Botha’s interruptions in the space, along with the distorted forms, seems to have a distinct affinity to the work of the painter Francis Bacon and perhaps (and this is a little stretch, I know, but the temptation to create a Bacon sandwich was too much) to his namesake Francis Bacon, the 17th Century empiricist philosopher.

Linear Perspectives

Wim Botha
Linear Perspectives
2014
Installation view

© Copyright 2014, STEVENSON. All rights reserved.

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In Botha one feels the great dialectical battle of the subjectivity of romanticism and its antithesis, the objectivity of empiricism. Romanticism celebrates two things: human subjectivity finding its apotheosis in emotional intensity, and the sublime as the human experience of the ineffable. In the 18th and 19th Century, these ideas found articulation in the ruin (the legible remnant acting as a historical repository) because they had an intensity of emotional evocation, and were an expression of the sublime by the interposition of the frail human subject against the power of Nature and Time. A corollary of this idea is that of the decayed object, the significant ‘fragment’, because of its very un-wholeness, its openness to interpretation, and its allegorical freedom. Throughout the exhibition, one feels that Botha comes close to these ideas. Or at least follows Bacon, that post-War successor to Romanticism, in his use of decaying and fragmented bodies, charged with highly significant emotion.

In 'Linear Perspectives', Botha uses both the Romantic and the expressionist fragment, with both the fragmented object and the fragmented body. Some, like Laocoön, are a complex interplay of multiple fragments. The original his fragmentary form is based on, Laocoön and his Sons, is already a highly significant ruin, both literally and metaphorically, in that it is considered as an artistic ideal, in which it stands in for a constellation of ideas around classicism and art-making, and all that is absent from the modern. The last point is significant, because both the Romantic and expressionist fragment operate with this lack: not that the rest of the fragment is missing, but that the fragment stands in for a whole which is missing in modern life - some desire for authenticity.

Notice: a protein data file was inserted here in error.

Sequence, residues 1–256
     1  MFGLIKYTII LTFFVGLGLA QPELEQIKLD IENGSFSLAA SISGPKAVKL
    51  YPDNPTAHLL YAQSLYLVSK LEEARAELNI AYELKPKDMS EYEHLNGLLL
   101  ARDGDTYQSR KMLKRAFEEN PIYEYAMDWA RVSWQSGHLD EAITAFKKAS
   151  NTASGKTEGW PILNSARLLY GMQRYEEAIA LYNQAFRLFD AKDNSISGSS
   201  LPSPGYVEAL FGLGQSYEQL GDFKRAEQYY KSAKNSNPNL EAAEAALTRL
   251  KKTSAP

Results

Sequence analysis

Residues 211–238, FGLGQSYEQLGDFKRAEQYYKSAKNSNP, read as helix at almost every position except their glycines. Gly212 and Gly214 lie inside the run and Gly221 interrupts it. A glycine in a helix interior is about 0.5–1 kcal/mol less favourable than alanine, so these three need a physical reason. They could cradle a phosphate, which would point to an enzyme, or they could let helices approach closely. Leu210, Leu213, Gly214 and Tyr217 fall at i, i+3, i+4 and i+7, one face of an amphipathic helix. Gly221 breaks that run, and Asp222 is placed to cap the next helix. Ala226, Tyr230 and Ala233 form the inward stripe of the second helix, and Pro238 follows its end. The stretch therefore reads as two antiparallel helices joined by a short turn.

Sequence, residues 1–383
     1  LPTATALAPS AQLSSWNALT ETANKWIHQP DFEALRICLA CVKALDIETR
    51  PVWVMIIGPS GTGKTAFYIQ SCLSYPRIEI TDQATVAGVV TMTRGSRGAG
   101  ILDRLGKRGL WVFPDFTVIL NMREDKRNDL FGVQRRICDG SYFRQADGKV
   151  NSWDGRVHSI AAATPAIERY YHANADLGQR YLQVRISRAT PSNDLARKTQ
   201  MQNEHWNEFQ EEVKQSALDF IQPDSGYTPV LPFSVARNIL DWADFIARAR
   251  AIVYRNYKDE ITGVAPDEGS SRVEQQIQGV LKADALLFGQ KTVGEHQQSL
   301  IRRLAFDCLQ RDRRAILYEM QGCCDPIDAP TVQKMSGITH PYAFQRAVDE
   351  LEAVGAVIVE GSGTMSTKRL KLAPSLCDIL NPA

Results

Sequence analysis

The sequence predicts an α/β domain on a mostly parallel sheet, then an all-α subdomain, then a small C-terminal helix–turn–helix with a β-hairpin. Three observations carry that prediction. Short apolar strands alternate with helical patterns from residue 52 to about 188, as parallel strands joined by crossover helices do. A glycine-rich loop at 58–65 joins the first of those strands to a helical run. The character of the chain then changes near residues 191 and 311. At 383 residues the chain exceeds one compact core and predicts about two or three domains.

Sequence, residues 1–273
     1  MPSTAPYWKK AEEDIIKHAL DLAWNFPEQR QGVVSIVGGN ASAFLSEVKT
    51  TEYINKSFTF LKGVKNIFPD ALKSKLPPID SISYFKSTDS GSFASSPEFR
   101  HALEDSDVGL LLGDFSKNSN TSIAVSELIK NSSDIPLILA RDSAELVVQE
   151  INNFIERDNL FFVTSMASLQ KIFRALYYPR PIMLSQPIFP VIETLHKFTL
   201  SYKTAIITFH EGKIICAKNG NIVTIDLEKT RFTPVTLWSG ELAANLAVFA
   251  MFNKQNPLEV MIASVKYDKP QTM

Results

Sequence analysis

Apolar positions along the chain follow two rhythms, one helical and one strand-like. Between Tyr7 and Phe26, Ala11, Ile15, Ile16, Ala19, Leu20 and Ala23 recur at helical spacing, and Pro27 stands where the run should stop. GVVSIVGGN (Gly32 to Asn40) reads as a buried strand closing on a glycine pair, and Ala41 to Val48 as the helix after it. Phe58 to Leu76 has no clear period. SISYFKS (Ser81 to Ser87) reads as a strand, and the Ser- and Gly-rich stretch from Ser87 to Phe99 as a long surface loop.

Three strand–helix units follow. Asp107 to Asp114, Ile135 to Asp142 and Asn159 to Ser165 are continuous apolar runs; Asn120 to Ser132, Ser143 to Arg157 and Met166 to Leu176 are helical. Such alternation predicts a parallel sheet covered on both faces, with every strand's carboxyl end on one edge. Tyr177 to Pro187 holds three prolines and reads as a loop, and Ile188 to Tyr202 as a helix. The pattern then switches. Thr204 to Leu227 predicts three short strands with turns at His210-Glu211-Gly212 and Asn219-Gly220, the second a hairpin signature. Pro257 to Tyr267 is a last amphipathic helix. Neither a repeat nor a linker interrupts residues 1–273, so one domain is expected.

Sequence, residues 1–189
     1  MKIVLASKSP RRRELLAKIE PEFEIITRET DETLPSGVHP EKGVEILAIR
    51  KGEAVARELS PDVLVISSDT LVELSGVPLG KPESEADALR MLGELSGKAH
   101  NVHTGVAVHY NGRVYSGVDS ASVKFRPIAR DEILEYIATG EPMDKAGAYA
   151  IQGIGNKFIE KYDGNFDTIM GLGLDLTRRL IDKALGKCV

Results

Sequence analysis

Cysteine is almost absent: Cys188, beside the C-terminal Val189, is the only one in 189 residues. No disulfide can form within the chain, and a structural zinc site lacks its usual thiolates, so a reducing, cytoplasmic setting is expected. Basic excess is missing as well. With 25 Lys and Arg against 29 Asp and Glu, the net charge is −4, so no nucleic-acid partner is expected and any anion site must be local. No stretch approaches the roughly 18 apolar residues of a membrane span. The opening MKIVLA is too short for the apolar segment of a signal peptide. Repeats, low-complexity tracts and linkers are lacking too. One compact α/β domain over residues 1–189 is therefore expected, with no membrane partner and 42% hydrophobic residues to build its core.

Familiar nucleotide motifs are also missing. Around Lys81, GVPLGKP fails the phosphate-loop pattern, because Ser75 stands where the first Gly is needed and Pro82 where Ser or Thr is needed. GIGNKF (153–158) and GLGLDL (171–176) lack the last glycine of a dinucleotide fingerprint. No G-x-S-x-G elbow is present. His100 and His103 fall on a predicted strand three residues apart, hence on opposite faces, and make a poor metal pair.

Here, however, is where Botha bowls some reverse-swing, and where I feel a sense of the ambiguous anti-climax. Botha’s use of materials - cardboard, polystyrene, pine - are highly particular. These throw-away substances are synonymous with our current industrialized, rationalized, empirical society (thus forming the Bacon sandwich mentioned above). By using them he is ironizing his expressive and Romantic impulses, and replacing them with a critical view on the rhetoric of ruin, fragments and classicism. If this is the case, then all the epic signification and high drama cover a relatively simple criticism. Alternatively, by turning these modern materials into highly significant fragments, by digging into them, by gouging at their surfaces, he is trying to recoup some sense of lost authenticity. In which case, it’s a lost cause.